Can Home Health Play a Role in Post-Surgical Care?
Posted On: December 17th, 2013
Former Vice President, Product Marketing and Strategy, McKesson (Retired)
Just when many hospitals are successfully lowering their readmission rates—often with help from home care agencies—they may need to contend with another difficult quality measure. Fortunately, home health experts are again well-positioned to help.
A new study from The University of Michigan Medical School finds that almost one in five older adults visit the ED within a month of surgery for common ailments. The study was funded by the National Institutes of Health and was published in the September issue of Health Affairs.
The research team analyzed Medicare data from 2.4 million adults who had one of six common operations in a three-year period. Within 30 days of leaving the hospital, 4% visited the ED two or more times, and more than half of those were readmitted to the hospital directly from the ED.
The issues most commonly responsible for the ED visits were infections, cardiovascular and respiratory conditions, complications with the surgical site and abdominal or gastrointestinal problems. Researchers found a wide variation from hospital to hospital for the same condition (ED visits after colon surgery were one in four at some hospitals and one in 14 at others).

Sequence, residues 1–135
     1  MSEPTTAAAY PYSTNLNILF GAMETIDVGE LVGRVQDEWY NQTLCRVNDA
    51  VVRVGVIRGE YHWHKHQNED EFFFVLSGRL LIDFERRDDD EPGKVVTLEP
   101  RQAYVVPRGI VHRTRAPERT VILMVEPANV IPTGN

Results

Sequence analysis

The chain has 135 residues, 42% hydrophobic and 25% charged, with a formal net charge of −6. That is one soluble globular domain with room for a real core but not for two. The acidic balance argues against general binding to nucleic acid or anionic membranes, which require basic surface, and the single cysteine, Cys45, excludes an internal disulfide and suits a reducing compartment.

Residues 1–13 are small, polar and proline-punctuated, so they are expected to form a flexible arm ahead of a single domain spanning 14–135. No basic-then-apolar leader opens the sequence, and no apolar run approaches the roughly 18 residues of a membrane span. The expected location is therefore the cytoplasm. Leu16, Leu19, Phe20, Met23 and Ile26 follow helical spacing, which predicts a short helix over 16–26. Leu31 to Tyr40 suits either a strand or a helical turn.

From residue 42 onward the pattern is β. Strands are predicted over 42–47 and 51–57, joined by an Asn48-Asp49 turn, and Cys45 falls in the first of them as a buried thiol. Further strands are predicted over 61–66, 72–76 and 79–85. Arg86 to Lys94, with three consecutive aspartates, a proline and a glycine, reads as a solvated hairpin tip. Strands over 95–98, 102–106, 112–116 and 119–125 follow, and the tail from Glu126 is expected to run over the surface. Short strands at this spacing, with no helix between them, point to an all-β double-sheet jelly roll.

Interestingly, an April report in the Annals of Emergency Medicine suggested that hospitals consider ED visits as a return to an acute-care setting, even if they don’t result in a readmission. Similarly, the University of Michigan researchers suggested that hospitals could be graded based on their post-surgical ED visit rates, although further study would be needed.
Clearly, home health agencies have a role to play in post-surgical transitions, especially if they become a quality measure for hospitals. Now may be a good time for agency executives to talk with their hospital counterparts about the types of programs that could benefit post-surgical patients.